Sip Your Way Through Portland’s (Funky) Wine CountryBy Beth DAddono
Wine lovers seeking a flight of offbeat with their sipping road trip will want to head to Oregon’s Willamette Valley, a gorgeous, 150-mile swath south of Portland. Laced with some 500 wineries, Oregon’s wine country is one of the world’s premier pinot noir–producing regions. And it’s only been at it since the 1970s.
There is a deep vein of entrepreneurial pluck that runs through the smaller, mostly family-run vineyards that start to show up less than an hour from downtown Portland.
Chances are you’ll meet the winemakers as you wander. To these hardworking folks, business is personal, and their wine is a point of great pride. Slick and polished isn’t the idea; friendly, approachable and high quality is what they go for.
Although it’s called the Willamette (rhymes with “slam it”) Valley, it’s the verdant hills, volcanic soils and mild climate that make pinot possible. The Valley also happens to radiate from the 45th parallel, something the region has in common with Burgundy in France.
Add in stunning mountain views, and a road trip through this wine country is downright spectacular.
Closest to Portland
Forest Grove is your first stop at the northern end of Willamette wine country, about 40 minutes from downtown Portland. Home to a handful of wineries, it is also the landing spot for SakéOne, one of only six sake distilleries in the U.S. and definitely worth a stop. Before you continue south, be sure to see the two largest giant sequoia trees in Oregon, rising majestically from the grounds of the historic Hinman House in town.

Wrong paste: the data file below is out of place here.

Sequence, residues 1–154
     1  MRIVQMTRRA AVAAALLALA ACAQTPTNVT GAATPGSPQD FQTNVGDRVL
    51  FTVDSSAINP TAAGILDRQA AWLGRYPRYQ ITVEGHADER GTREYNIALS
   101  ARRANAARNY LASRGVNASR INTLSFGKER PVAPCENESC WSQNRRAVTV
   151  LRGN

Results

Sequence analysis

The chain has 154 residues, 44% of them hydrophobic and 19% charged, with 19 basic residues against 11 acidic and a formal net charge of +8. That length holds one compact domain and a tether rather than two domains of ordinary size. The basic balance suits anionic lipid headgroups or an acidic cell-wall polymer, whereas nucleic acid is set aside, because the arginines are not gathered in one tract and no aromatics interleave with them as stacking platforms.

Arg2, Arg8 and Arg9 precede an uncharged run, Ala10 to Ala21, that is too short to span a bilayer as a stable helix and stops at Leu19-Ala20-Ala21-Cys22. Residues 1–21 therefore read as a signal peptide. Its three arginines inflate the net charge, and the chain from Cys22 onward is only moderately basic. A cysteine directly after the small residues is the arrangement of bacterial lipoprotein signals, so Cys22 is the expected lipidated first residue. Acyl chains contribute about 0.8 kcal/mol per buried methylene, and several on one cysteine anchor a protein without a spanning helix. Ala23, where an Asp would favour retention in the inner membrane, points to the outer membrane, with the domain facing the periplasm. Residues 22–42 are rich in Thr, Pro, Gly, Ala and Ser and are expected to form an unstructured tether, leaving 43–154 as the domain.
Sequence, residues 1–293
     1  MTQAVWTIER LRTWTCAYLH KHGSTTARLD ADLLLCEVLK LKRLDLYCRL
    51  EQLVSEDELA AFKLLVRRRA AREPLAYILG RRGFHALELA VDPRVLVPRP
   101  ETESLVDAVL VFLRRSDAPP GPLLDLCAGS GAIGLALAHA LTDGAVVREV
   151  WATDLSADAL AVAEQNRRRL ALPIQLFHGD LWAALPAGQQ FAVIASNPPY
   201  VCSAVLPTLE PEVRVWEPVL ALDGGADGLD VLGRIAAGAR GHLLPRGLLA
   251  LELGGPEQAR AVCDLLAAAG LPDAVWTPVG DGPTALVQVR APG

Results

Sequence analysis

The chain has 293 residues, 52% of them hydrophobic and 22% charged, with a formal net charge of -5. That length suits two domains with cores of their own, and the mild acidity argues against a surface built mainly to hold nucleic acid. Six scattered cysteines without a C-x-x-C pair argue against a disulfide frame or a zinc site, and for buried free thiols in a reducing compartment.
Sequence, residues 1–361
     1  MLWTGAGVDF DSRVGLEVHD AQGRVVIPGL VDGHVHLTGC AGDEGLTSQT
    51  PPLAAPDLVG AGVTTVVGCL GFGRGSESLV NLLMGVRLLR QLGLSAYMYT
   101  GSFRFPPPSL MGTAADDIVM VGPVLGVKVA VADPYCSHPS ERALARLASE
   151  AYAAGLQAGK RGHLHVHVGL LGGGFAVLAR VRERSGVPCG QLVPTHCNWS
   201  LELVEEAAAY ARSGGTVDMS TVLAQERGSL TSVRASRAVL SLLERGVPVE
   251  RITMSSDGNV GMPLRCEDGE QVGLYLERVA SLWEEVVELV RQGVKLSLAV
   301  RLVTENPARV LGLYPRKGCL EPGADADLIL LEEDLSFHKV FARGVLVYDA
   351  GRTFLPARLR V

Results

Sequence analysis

At lovely Ponzi Vineyards, sisters Anna Maria and Luisa continue a half-century legacy of winemaking excellence and innovation. Founded in 1970 by their parents Dick and Nancy Ponzi, Ponzi Vineyards was instrumental in putting Willamette Valley on the map as a world-class wine region. Today, Ponzi continues to deliver luscious pinot noir and full-bodied chardonnay, with a lovely tasting room and veranda for taking in the vineyard views.
For more pinot noir, pinot gris or rosé sipping, pass by Montinore Estate, another local pioneer, to taste delicious biodynamic wines on a breezy patio overlooking the vines.
Expect to meet winemakers John Compagno and Gail Lizak at the lovely Ardiri Winery & Vineyards, a dog-friendly spot with an oversized patio looking out toward Mount Hood. Like so many Willamette Valley vintners, Compagno and Lizak take an active role in making their award-winning vin.
For a memorable meal, reserve a table at the Painted Lady, a high-end French restaurant with an emphasis on seasonal farm-sourced ingredients, fine local wines and European-style service. Chef/owner Allen Routt’s tasting menu is spendy at $110, with another $110 for wine pairings, but you are guaranteed nothing short of wow throughout your leisurely evening.
Ease on Down the Road
About 20 miles south, you’ll find McMinnville, home to the Valley’s first commercial winery, the Eyrie Vineyards. McMinnville is a sweet, Main Street kind of downtown, with quality winemakers, including Matello, Domaine Serene and Sokol Blosser nearby.
For still more wining, follow Highway 99 southward for dips into small boutique wineries, including the hippie-themed Emerson Vineyards and Pfeiffer Vineyards, one of the oldest in this part of the valley.
You’ll pass lush pastures of grazing cows and lavender fields along the way, bucolic scenes that seem a world, not less than two hours, away from the city.